'It's just a bag' I'm often heard to cry. I'm determined not to let my ileostomy stop me doing anything and for the most part it doesn't. I try to live a normal life. Most people forget I even have a bag. I never use disabled loos - even though I've been given a key - I'd rather just queue up like everyone else. I'm not different. I run, I cycle, I climb mountains and I do all the things I did before I ever got ill. Yes, I have a bag but it doesn't define me, it's no big deal.
Well sometimes it is. Sometimes I have to accept that there are limitations and I'm not actually a superhero after all. There I said it.
For a recap on what an ileostomy is and how it works here's an old post 'Me and My Fake Stomach'
The biggest challenge with an ileostomy isn't about the bag at all, or how it looks or whether or not anyone can see it - I don't much care to be honest. The greatest challenge for most people with an ileostomy is dehydration. Without a colon we don't absorb fluids and electrolytes in the same way. As the stoma is at the end of the small bowel we can also have very high fluid losses. My system regularly misbehaves and I often struggle with dehydration, nausea and periods of high output - imagine having diarrhoea 24/7. I live on Immodium (sometimes 20 tablets in a day) and gallons of dioralyte to try and replace the lost fluids and salts.
I look back at my trip to the Himalayas last year and sometimes wonder how on earth I ever ran 100 miles in those conditions. Some good luck was certainly involved as my stoma behaved pretty well the whole time. I didn't get dehydrated, there were no leaks and I didn't get ill. Nothing short of a miracle actually.
But 'lady luck' wasn't with me this past weekend. After a preceding week of not being able to eat properly, high output losses and struggling with dehydration and low electrolytes, I had nothing left. Perfect preparation for a 31 mile ultra trail run.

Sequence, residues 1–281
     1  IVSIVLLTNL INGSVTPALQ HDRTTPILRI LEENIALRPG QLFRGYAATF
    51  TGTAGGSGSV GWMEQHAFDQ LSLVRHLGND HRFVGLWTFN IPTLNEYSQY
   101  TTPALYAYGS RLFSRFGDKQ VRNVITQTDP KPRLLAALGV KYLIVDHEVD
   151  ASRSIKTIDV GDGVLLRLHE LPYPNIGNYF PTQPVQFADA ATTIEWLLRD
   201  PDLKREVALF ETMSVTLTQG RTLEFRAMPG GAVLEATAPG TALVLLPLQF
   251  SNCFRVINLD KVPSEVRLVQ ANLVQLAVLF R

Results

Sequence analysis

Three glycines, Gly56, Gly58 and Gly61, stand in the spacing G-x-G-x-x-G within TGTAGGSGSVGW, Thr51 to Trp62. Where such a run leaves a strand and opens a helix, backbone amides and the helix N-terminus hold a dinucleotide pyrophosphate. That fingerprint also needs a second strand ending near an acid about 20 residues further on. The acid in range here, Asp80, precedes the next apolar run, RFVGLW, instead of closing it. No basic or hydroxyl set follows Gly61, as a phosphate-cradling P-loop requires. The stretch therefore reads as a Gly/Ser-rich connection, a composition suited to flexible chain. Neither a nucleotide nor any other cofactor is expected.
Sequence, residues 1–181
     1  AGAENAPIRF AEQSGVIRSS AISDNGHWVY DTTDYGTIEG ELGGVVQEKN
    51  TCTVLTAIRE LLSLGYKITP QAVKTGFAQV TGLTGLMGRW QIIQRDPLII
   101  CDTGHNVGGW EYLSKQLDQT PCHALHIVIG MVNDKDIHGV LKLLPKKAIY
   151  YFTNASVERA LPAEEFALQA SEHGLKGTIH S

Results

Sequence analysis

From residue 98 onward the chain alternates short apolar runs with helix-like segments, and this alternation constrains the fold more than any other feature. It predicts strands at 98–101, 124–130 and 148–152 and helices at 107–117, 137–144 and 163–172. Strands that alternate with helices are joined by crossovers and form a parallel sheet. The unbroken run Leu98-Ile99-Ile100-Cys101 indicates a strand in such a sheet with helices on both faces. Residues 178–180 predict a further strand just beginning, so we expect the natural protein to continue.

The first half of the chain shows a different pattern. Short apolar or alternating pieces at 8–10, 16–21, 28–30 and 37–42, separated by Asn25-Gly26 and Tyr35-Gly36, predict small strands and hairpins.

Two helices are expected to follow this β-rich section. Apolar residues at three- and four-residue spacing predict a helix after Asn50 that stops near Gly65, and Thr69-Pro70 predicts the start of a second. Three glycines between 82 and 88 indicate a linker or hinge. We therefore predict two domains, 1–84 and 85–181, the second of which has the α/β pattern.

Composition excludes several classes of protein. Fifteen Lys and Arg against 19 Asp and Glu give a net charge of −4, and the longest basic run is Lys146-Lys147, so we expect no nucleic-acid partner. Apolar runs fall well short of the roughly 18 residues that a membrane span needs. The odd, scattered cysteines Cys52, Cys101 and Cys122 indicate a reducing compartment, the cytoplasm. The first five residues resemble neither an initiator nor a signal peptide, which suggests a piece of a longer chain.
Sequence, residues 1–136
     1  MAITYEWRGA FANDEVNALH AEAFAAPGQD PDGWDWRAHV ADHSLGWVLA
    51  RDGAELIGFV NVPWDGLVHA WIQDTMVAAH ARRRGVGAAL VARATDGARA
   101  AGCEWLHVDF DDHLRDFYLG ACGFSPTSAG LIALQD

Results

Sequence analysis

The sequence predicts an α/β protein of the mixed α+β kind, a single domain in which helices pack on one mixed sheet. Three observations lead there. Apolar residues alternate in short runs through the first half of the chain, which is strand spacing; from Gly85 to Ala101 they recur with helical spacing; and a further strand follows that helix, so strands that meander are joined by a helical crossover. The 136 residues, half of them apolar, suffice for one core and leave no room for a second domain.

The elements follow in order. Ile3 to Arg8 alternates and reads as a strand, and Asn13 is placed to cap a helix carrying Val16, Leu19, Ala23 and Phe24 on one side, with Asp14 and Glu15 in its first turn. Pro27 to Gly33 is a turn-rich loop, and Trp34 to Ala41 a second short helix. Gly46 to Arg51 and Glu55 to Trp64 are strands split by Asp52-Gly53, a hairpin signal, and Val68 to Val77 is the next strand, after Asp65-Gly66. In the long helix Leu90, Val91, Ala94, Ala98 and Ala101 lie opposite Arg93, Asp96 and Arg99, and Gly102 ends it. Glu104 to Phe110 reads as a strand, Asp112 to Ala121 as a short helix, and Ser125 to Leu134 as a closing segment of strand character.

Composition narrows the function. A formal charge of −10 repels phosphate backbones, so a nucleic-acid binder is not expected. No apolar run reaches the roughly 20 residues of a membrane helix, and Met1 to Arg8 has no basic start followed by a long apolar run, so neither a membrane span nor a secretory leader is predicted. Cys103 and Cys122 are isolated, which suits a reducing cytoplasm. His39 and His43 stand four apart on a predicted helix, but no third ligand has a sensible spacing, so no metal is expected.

But like I said, I don't allow my stoma to stop me doing anything, so I pulled my socks up and got myself on the start line of the Weald Challenge Ultra on Sunday. Well it turns out that no amount of 'sock pulling up' can get you round an ultra when you're stuffed before you even start.
I don't think I've ever felt so ill in a race. I was feeling fairly weak and nauseous from the start and just kept trying to force fluid and fuel down - in the hope it would make me feel better - which made me feel worse. At 20 miles I was ready to bail completely. Every 500m or so I stopped to take a moment, hands on knees which turned into bum on floor. I was literally on my knees and seeing stars. All I wanted to do was lie down and for it to stop. But thanks to the amazing support of a lovely lady from Burgess Hill Runners and my friend Tam - who refused to leave me - I dragged my sorry self to the finish. The only thing that kept me from stopping was the thought of the handmade mug I'd been coveting for a year and the fact I don't yet have a DNF on my score card. And I wasn't about to start now.
It was a spectacular race with absolutely stunning scenery - yet the last 10 miles were a total blur. That bloody mug and medal was my hardest earned. Ever.
The morale of this story? it's probably better to have a DNS than feel like that ever again. I'll be ok and I'm sure my next race will be better.. in the meantime.. in the words of Batman